I've been trying to explain some of the cost drivers that confront us in public education. Today, I'm going to talk about health insurance contributions made by the district to our public employees. I apologize that this material isn't simple. I can't help that. When I joined the board of education, it was complex. It's still complex. One of the reasons that I write these posts, is that I believe that its really important for citizens to understand how the finance system works. Our Board of Education has been working really hard to involve members of the community, average citizens and community leaders, in understanding how we budget, and the budget challenges that we face. My thinking is that providing factual detailed information about school finance assists in that purpose. As I share this information, I'm not trying to justify increased spending, or decreased spending, or increased compensation or decreased compensation. My belief is that the facts, once you understand them, speak for themselves.
In a prior post in this series, I explained that in the last year, the legislature raised school district contributions by one half percent per year for the next four years, raising our costs by $500,000 per year, for a grand total unfunded cost increase of $2 million. I explained next how the funding formula for special education reduces our funding by $350,000 per year, so that during the biennium, our funding will be cut by $700,000. I explained, however, that federal law prohibits us from cutting special education expenses to balance the special education budget, requiring us to transfer that out of regular education. Then, in my last post, I explained that lanes increase employee compensation by about $190,000 per year, for a total cost increase of about $380,000 for the biennium. Now to health insurance.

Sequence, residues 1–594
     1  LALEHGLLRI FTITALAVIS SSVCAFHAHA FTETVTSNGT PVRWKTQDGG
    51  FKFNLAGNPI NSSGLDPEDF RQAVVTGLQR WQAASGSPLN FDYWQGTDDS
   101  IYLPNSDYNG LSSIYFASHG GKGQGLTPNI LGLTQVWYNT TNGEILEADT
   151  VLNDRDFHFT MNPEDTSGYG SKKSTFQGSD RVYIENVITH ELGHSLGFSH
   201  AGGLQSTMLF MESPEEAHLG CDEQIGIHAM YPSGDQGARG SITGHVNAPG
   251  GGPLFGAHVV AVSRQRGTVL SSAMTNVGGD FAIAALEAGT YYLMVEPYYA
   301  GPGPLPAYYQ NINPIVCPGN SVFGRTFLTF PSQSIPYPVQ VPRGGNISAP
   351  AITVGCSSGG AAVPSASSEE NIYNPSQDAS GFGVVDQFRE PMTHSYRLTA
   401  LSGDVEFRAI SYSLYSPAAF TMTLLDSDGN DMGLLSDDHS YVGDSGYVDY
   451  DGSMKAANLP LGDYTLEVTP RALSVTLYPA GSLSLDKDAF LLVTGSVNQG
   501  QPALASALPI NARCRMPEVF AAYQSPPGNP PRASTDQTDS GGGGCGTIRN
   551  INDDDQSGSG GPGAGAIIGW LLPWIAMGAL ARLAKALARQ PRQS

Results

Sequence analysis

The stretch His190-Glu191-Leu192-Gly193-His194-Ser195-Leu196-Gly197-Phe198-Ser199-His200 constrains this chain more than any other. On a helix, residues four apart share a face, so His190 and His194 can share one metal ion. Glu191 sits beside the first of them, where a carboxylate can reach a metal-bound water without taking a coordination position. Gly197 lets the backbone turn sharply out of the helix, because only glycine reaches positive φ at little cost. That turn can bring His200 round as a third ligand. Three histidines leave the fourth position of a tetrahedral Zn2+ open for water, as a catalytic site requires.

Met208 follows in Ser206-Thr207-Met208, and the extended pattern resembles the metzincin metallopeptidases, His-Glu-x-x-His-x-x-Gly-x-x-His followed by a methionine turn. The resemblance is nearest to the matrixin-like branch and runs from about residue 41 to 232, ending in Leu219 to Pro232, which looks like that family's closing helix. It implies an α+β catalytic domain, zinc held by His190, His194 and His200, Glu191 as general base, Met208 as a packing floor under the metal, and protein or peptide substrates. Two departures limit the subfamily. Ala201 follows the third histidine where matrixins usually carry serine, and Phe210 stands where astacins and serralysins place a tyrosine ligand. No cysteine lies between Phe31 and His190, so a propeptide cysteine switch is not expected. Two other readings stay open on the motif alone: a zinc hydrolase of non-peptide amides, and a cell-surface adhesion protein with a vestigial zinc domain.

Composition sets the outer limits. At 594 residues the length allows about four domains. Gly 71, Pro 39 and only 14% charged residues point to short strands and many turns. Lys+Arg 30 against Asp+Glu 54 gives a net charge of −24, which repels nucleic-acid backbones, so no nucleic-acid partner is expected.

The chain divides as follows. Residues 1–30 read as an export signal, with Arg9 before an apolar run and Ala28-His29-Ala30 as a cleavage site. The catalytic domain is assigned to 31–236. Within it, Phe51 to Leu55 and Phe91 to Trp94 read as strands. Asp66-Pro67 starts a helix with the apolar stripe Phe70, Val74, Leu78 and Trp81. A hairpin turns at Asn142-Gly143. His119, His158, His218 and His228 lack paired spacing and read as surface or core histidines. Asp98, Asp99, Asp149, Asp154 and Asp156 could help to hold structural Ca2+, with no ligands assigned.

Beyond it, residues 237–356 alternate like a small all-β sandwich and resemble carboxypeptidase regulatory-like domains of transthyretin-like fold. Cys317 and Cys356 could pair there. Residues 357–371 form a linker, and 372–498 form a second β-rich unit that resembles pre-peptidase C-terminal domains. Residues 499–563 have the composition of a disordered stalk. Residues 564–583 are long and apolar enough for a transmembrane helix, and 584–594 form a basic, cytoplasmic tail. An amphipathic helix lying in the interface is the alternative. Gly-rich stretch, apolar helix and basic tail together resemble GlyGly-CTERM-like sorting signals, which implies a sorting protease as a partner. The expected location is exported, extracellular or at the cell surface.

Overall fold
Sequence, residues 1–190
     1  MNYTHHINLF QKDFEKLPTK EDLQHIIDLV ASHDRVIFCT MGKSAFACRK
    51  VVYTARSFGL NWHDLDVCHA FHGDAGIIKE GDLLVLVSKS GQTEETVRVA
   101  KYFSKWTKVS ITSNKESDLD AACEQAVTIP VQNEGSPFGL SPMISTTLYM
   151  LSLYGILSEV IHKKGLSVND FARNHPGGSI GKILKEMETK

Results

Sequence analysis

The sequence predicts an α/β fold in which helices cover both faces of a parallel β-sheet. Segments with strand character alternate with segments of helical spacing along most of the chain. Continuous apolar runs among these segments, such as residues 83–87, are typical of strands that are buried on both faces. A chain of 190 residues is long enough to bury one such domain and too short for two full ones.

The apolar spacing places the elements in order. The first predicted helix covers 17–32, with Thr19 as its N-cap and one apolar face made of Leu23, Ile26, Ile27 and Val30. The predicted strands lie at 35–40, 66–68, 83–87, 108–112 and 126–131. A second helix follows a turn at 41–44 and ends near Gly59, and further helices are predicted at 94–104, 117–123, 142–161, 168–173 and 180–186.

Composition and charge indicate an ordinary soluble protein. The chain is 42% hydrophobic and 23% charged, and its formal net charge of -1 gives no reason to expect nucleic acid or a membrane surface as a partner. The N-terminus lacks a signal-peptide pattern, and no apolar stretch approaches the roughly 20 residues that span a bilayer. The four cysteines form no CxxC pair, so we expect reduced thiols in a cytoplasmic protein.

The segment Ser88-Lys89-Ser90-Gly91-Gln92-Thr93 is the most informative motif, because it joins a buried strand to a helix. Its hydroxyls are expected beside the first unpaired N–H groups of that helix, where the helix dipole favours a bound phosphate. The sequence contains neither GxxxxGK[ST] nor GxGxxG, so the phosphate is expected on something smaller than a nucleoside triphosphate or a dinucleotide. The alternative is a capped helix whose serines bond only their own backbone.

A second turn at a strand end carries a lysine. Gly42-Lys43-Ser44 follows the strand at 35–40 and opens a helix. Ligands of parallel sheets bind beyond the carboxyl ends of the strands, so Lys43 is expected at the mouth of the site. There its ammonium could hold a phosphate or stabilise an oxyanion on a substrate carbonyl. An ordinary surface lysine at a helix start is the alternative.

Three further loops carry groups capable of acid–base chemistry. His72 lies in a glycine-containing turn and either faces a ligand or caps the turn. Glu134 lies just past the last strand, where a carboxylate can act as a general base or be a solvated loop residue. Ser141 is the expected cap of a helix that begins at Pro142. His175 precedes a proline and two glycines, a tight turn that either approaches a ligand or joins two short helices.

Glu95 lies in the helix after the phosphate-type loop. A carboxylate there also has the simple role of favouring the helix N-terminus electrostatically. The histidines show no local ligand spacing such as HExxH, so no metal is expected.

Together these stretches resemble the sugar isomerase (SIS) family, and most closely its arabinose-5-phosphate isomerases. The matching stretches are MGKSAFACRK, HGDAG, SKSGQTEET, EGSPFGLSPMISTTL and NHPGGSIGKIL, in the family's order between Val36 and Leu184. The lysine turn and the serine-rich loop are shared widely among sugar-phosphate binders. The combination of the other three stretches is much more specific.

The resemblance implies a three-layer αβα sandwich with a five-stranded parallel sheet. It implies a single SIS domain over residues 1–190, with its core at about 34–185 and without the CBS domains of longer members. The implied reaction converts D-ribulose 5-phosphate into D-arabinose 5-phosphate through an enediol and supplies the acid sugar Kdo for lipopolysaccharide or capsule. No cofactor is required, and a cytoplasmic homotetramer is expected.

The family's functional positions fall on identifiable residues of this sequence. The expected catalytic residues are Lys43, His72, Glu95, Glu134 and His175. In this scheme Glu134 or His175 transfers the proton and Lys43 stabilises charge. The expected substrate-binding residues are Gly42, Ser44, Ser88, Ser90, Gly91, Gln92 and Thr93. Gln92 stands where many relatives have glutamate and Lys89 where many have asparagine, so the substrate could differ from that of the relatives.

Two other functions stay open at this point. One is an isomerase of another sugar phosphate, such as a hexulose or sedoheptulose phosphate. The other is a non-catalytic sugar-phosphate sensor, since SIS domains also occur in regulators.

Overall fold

The district has two kinds of coverage agreements with its employee groups. Some groups have fixed dollar contribution agreements--that is, by agreement, we pay a fixed dollar amount towards their premiums, no matter what the premiums will be, until we agree to a higher amount. Some employees, typically licensed employees with single coverage, have their full premiums paid, and our cost of coverage rises with the premium increase, no matter how much the increase.
The District's cost for health insurance contributions rise in two ways. With respect to most of our employees, we make agreed fixed dollar contribution amounts towards family or single health insurance. When we enter into our bargaining agreement with, for example, our custodians, our clerical workers, or our paraprofessionals, the agreement designates a fixed contribution, specified for that particular bargaining unit, towards the total health insurance premium for each employee. Now different bargaining units have different preferences for the level of insurance contribution that we provide. Sometimes, the negotiator for a group will say, we'd like to take some of the total cost of our compensation in this year's agreement, and move some of the dollars off of salary and move it over to health insurance contribution. When they do that, its cost neutral, and we would be foolish to refuse to do that, since we're not changing the total cost to the district.